Herbie convinces Bill Eggers, the managing partner of Woodman & Weld, to sign him on as a client, with the goal of taking down the infamous Mafia boss Carmine Datilla. And even though Stone doesn't want to have anything to do with Herbie - or the Mafia, for that matter - he is soon coerced into being Herbie's lawyer.
With the help of his ex-partner, Dino, Stone investigates "Datilla the Hun", and the rest of the mob family, encountering intrigue and danger at every turn. Will Stone finally take a stand, or will he end up at the bottom of Sheepshead Bay?
With the swift action, razor-sharp characters, and crackling dialogue that are Stuart Woods's hallmarks, Fresh Disasters is Woods at the very height of his storytelling powers.
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©2007 Stuart Woods; (P)2007 Penguin Audio, a member of Penguin Group (USA) Inc., and Books on Tape. All rights reserved.
"Series regulars and newcomers alike will be perfectly satisfied." (Publishers Weekly)
What happened to the Stone Barrington I used to know and love? Stone is "forced" into taking on a case he would never take or face being "let go" from Woodman and Weld. The OLD Stone would have told Bill Eggers to STICK IT, but this Stone reluctantly takes the assignment, because he -really needs the money.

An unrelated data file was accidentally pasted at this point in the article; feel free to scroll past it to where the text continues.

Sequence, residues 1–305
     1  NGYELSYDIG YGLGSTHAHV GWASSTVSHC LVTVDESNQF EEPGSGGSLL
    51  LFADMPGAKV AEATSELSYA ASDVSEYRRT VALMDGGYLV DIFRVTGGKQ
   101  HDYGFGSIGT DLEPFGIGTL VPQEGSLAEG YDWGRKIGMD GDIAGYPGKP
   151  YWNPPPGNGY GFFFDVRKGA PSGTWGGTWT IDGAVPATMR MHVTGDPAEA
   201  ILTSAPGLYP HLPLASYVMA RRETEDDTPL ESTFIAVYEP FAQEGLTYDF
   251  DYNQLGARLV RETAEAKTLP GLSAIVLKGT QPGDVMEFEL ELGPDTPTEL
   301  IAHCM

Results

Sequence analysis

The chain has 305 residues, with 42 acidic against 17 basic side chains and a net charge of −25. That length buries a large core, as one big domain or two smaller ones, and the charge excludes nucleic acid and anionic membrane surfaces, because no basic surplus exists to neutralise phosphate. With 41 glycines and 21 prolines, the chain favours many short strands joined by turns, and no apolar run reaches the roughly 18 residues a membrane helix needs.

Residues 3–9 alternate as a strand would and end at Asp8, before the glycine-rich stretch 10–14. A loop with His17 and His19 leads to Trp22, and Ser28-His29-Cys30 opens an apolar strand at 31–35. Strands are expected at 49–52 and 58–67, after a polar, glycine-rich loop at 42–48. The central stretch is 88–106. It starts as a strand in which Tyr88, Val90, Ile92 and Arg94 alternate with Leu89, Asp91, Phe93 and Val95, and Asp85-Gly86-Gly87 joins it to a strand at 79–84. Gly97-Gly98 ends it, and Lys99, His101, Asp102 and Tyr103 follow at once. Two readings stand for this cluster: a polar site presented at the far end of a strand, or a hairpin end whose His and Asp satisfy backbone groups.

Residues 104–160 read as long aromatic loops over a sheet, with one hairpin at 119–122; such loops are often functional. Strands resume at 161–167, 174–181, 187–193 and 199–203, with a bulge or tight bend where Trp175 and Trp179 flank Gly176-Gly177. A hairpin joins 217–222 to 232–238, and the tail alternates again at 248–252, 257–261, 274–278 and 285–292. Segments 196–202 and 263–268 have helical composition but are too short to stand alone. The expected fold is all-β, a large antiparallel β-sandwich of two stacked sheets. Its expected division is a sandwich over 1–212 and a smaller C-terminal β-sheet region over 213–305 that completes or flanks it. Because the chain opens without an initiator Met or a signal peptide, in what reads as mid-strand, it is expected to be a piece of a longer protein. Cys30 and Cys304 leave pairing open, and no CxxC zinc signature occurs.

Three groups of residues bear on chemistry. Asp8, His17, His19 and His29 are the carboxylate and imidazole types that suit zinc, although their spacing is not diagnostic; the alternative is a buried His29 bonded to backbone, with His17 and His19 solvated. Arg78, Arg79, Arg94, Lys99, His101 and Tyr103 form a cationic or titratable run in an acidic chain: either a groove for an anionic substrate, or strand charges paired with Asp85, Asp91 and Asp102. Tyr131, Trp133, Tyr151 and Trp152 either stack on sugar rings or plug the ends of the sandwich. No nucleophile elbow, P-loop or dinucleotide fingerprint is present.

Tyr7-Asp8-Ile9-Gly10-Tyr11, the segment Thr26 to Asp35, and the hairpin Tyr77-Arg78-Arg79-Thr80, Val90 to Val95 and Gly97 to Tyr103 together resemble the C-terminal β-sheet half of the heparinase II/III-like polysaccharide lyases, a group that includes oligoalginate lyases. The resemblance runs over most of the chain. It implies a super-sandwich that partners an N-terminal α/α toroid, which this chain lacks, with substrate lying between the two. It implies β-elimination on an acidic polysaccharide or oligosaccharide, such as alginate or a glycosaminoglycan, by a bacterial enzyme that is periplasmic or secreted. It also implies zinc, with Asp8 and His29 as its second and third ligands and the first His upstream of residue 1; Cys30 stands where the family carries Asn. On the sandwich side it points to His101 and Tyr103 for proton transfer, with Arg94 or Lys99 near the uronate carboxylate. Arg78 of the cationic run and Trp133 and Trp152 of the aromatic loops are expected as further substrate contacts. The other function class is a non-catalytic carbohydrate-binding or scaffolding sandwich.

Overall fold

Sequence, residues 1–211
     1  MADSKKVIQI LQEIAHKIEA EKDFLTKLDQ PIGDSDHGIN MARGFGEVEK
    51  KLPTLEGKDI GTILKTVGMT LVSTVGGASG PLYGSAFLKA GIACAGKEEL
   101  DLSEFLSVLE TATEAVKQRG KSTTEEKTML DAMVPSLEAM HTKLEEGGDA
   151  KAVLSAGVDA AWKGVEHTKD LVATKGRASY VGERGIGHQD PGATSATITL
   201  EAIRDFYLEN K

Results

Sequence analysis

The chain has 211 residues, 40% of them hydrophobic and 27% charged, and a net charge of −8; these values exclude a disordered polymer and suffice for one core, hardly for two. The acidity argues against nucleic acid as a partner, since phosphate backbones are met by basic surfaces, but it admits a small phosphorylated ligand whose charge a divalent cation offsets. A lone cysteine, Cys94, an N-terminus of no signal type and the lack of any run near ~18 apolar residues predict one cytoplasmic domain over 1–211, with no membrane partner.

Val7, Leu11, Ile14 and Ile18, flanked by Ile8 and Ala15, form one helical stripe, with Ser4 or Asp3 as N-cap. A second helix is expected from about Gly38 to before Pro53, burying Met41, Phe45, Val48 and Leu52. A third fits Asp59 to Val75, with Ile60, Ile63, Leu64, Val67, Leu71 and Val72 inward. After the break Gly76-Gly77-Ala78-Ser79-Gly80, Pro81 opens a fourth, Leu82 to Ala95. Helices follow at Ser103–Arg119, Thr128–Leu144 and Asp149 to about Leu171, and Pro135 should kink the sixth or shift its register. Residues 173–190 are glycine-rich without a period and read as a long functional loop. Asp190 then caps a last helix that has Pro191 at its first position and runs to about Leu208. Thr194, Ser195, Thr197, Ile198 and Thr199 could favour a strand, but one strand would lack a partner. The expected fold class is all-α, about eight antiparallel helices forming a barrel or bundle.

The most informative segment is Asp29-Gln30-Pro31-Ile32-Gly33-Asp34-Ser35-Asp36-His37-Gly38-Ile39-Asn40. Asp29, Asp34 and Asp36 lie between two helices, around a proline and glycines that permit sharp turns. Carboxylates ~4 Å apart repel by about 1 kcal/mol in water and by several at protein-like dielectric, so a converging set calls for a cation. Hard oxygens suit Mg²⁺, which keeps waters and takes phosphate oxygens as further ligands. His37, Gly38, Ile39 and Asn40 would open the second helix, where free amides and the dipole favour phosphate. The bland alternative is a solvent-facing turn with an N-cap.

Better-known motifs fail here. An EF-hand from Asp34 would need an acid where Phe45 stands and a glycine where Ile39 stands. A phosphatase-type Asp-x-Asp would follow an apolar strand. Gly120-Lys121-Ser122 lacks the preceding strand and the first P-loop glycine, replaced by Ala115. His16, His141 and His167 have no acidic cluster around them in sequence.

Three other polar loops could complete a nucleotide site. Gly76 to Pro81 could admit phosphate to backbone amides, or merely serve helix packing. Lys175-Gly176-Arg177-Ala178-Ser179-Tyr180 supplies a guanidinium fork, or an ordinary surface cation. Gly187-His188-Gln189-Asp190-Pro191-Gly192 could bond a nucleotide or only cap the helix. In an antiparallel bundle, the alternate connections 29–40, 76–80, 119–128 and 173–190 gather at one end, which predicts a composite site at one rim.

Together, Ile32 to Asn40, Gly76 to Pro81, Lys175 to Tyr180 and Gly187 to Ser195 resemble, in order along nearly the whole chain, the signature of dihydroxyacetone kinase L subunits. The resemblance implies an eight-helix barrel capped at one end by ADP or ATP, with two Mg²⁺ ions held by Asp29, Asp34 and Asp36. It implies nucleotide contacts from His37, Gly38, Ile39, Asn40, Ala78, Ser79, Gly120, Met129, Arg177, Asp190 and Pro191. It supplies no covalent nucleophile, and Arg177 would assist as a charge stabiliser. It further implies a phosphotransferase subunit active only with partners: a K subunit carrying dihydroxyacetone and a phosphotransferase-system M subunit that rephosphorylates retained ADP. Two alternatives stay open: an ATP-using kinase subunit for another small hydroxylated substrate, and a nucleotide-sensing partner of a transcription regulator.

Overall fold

Tony Roberts is the reader again and his voice really grates on me. His reading of the story makes me picture Dino as a big fat slob who has trouble breathing.
The book is mildly entertaining with a plot so thin you could slide it under a door.
I've never had to stop listening to a book until this. Even if I'm not totally engaged, I can usually find some redeeming qualities. This, however has none. I can't quite decide which was worse; the writing or the narration. Do yourself a favor and save your time and money.
Fresh Disasters is an undeniably entertaining, mostly typical Stone Barrington tale - but it is somewhat more vulgar and sloppy than other Stuart Woods works.
I finished this book and then wished I hadn't invested my time. Unimpressive is the adjective that comes to mind.
I turned it off after an hour and half. It was like a car stuck in the mud spinning its tires. I guess if you want something very light you might enjoy the book. I though there was little substance.
While the story is fun, the narration was annoying. The voice was so unpleasant that the characters became unattractive, especially "Deano".
Stuart Woods does it again. I don't think this guy can write a bad novel. This one surpasses all of the other "Stone Barrington" novels that I have read. Lots of intrigue and humor. Never a dull moment.
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